Virginia House of Delegates Democrats today chose Albert H. Grenadier over former House majority leader James M. Thomson for an Alexandria judgeship, upholding a political tradition that gives Democratic delegates power to name judges in their districts.
Del. Richard R.G. Hobson (D-Alexandria) warned his fellow Democrats that the long-standing unwritten rule of the caucus was at stake.
"I won't mess with your judge if you don't mess with mine," Hobson said. "I have adhered to that principle as long as I have been here and I ask you to adhere to it today."
Grenadier was named in a secret ballot by the House Democrats, 41 to 33. The vote was not announced, but was confirmed in interviews with several delegates.
Reached at his Alexandria law office, Grenadier said, "I'm really delighted. I've been very calm throughout the whole thing, but now I'm really excited."
Grenadier said it was Thomson who called him with the news. "Jim just called me 10 minutes ago and congratulated me, he said. "He seemed disappointed, but he told me he was glad the controversy was over and he said he would withdraw his name from consideration by the Senate side."
Thomson declined to be interviewed.
The House caucus action and Thomson's concession ended the most divisive judicial election in the General Assembly in memory. The Senate Democratic caucus is now expected to add its endorsement of Grenadier without controversy.
Thomson's defeat may not end his chances for a state judgeship. Hobson acknowledged that during the intense discussions before the caucus, Thomson's supporters suggested that he might later be a popular candidate for the State Corporation Commission or the Virginia Supreme Court if rejected for the Alexandria judgeship. The Alexandria legislators would be powerless to veto Thomson for a statewide judgeship.
The unusual rejection of a former House leader for a judgeship followed an acrimonious campaign in Alexandria. Thomson's opponents cited his record as a die-hard segregationist and unrelenting foe of the proposed Equal Rights Amendments.
The Alexandria Bar Association endorsed Grenadier over Thomson, 140 to 113, and a citizens commission appointed by Hobson recommended selection of Grenadier.
The two candidates, both 54, were seeking a state Circuit Court judgeship being vacated Thursday by the retirement of Franklin P. Backus.
Thomson's advocacy of racial segregation, restated as recently as 1971, turned opposition to his selection as a judge into a civil rights cause for some legislators, including the five black members of the General Assembly.
During a House session before the caucus meeting, Del. William P. Robinson Sr. (D-Norfolk), senior black member of the House, distributed copies of a 1971 newspaper story quoting Thomson's support of segregation at a meeting of the Alexandria Democratic Committee.
"This shows his position on desegregation and that he affirmed that position," Robinson told a reporter. "The black members of the assembly met a couple of weeks ago and decided we would oppose his nomination on the House floor no matter what the caucus decided."
Opposition to the choice of the caucus by the black members, all Democrats, would have broken another unwritten rule of judicial elections in the assembly. Democrats are pledged by that rule to support the caucus choice on the floor even if the caucus itself divided. Observance of this rule prevents the Republican minority from having a voice in the election of judges.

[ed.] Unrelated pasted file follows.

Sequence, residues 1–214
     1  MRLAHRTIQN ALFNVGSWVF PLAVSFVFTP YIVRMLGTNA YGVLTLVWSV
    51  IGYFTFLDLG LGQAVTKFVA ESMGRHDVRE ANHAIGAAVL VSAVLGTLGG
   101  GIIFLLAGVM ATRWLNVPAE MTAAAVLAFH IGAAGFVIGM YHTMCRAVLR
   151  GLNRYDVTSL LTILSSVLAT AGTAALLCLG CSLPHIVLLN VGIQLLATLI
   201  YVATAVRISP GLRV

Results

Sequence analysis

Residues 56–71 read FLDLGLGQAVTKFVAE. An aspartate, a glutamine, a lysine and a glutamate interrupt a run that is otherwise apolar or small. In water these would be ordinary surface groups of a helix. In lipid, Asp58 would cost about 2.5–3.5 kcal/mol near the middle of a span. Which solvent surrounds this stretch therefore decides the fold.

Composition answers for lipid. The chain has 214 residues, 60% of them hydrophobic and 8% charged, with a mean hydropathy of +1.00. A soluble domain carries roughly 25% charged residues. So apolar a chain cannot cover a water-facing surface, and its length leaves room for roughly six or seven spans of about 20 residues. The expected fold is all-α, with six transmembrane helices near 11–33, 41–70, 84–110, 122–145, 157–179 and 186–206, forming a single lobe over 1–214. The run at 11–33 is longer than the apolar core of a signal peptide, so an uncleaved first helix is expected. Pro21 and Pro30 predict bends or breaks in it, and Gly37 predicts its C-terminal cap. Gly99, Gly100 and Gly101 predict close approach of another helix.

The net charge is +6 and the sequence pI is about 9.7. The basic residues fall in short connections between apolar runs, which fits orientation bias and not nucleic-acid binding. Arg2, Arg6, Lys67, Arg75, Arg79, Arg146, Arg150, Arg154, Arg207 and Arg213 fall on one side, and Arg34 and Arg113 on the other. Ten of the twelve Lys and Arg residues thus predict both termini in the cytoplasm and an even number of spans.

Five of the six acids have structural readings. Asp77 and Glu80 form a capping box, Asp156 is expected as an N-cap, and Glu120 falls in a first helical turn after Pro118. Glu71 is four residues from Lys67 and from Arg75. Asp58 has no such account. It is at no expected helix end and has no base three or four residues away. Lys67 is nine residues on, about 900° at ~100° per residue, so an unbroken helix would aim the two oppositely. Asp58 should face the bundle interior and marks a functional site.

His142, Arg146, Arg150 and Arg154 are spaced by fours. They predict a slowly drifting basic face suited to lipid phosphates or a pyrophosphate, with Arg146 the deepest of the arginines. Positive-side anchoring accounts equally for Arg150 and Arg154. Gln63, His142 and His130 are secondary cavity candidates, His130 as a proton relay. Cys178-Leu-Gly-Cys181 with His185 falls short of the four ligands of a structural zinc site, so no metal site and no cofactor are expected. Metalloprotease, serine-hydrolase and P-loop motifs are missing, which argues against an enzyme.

Today was the second time in less than two years that Thomson's record as a segregationist and foe of the ERA has contributed to his defeat for public office. After 22 years in the House, Thomson was defeated for reelection in 1977 by Republican Del. Gary R. Myers, who benefited from vigorous support by feminist campaigners.
Despite their disagreement with Thomson on civil rights issues, many Northern Virginia politicians publicly expressed regret over his 1977 defeat. It deprived the region of his skillful sue of power to win appropriations for Metro, George Mason University and other state-supported facilities in the Virginia suburbs of Washington.
The assembly has elected many former segregationists to state courts and it is likely that Thomson's ardent opposition to racial desegregation in the 1950s would have been overlooked, if not forgiven, had he himself allowed the memories to die.
During his 1971 reelection campaign, however, he answered a question by a black member of the Alexandria Jaycees at a public meeting by saying that he thought racial disturbances in the city's schools had proven that he was right on the desegregation issue.
The Alexandria Democratic Committee denounced his stand, but he told the committee members, "I do believe in a segregated society. I do believe the races get along better when they are not forced into commingling."
In 1977, Thomson pointedly told a reporter in an interview that he had stopped making segregationist statements after 1971, but he never had renounced his long held positions.
William Moffitt, a black Alexandria attorney, said he was "elated" by today's caucus vote.
"We weren't against Thomson the man, we were against what he represented to a large segment of the Alexandria community. Every once in a while the system is capable of doing what's just. In that sense, it's a victory for the community."